Falafel and Shwarma and Schnitzl Oh My!

I’m back from my two-week escapade all over Israel and all I can think about is how I want to be back in that gorgeous country with all my new friends.  I could talk for hours about the places I visited, but I would be lying by omission if I didn’t tell you that the food was the ultimate trip highlight.  I awoke each morning to a spread of yogurt, cheese, fresh fruit, and vegetables that would make you weep.  It has been difficult to adjust to a life without those breakfasts.  But don’t think we peaked at the beginning of the day.  Lunches were also spectacular.

Each day for lunch, we asked ourselves the same question: falafel, shwarma, or schnitzl?  The sandwiches are basically the same, the main ingredient is just swapped based on what you’re in the mood for that day.  They’re served in pita (fluffy and unlike what we have here in America), laffa (sort of like thin flatbread), or sometimes baguette.  Then comes the plethora of toppings.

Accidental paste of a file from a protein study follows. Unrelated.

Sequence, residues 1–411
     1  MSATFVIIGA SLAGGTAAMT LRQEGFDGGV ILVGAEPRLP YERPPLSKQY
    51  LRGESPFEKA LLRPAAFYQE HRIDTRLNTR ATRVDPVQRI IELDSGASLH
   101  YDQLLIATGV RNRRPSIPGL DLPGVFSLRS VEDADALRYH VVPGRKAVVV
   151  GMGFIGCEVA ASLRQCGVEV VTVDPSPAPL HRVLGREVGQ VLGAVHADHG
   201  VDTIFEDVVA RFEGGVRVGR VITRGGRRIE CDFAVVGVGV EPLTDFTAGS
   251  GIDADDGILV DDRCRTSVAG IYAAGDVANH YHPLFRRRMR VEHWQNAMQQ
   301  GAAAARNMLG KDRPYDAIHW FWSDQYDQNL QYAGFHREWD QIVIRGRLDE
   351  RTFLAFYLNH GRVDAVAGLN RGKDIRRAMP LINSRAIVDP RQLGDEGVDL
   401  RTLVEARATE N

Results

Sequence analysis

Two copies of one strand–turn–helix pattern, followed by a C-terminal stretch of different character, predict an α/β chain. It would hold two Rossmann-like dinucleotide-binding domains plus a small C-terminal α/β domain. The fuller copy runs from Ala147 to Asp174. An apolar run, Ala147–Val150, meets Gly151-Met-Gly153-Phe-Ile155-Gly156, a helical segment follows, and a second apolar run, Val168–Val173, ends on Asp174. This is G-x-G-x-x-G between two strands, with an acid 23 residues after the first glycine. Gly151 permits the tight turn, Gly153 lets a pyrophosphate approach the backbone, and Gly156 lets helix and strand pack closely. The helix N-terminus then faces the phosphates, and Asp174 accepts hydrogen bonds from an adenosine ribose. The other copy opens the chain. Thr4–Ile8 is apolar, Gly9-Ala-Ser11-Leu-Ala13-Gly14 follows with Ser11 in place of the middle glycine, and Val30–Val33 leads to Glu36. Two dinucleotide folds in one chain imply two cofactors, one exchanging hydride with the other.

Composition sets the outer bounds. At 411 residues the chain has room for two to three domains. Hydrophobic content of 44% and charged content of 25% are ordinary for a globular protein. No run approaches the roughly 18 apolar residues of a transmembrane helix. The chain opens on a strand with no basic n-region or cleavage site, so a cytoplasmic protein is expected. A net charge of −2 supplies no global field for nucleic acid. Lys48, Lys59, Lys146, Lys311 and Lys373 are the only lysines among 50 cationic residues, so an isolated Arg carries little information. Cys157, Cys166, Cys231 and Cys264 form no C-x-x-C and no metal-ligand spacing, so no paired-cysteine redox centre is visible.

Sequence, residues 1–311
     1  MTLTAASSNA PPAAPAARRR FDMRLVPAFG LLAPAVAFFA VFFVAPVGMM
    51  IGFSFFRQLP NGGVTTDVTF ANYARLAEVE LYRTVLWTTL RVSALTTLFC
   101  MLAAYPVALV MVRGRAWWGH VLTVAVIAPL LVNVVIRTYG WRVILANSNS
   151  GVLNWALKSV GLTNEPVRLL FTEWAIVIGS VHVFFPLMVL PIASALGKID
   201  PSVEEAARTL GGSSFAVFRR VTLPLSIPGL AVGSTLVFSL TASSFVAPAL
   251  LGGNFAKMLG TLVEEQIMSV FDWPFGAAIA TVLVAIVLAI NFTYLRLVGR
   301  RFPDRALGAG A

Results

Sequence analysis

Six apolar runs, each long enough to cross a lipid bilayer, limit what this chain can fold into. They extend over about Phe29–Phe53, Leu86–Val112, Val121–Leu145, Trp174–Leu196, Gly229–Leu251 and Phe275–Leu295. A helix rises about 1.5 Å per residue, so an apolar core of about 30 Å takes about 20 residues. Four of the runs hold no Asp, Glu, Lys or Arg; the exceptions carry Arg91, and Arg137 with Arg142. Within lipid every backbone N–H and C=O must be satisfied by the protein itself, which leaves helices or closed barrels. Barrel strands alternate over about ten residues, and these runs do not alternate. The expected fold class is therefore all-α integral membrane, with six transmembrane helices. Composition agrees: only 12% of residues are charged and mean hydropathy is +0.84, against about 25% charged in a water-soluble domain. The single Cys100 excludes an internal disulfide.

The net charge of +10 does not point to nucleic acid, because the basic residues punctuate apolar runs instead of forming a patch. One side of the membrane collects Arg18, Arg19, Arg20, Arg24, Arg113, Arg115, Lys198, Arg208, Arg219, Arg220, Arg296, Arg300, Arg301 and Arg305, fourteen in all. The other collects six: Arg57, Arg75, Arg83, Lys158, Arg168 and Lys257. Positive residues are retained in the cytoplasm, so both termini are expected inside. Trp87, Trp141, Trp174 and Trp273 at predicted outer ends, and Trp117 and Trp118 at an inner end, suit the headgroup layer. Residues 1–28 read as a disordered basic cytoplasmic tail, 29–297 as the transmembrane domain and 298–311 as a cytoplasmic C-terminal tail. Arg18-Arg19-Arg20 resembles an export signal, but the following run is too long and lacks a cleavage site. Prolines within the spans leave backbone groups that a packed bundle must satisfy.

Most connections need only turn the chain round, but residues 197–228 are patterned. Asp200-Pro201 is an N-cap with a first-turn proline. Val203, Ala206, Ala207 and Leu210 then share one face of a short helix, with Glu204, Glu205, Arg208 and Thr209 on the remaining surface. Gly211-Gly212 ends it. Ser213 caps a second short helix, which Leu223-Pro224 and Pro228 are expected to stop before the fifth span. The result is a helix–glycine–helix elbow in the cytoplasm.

The toppings can make all the difference.  On the first day, for instance, I put a curried mango sauce on top of my falafel (I think it’s called adom?).  I didn’t see this sauce for the rest of the trip but loved it.  Incidentally, I didn’t eat falafel beyond this first lunch because it was so unbelievable and I knew no other falafel would stand a chance.  Light, almost creamy on the inside, and just crispy enough on the outside.  After that, I mostly went with shwarma, meat on a spit.  The middle picture shown here is the shwarma I got at a truck stop.  I learned that much like bbq in the US, the best sandwiches in Israel can be found in hole-in-the-wall places like gas stations and random outdoor markets.  In the last picture (of schnitzl, breaded chicken), you’ll see one of my favorite toppings, french fries.  Americans have practically made french fries a separate food group, yet we haven’t been smart enough to put them inside the sandwich like they do in Israel.  It makes all the difference, especially when they soak up the hummus, tahina, cabbage, salad, and other toppings.  I may get strange looks, but I’ll be putting my fries inside my burger now that I’m back after having seen the light.

It’s bizarre being back and having to choose a lunch option that does not stem from this holy trinity of sandwiches.  It usually seems like New York has the best of everything when it comes to food, but I just don’t think I’ll be able to find any falafel, shwarma, or schnitzl that can compare to what I got in Israel.  ::Sigh::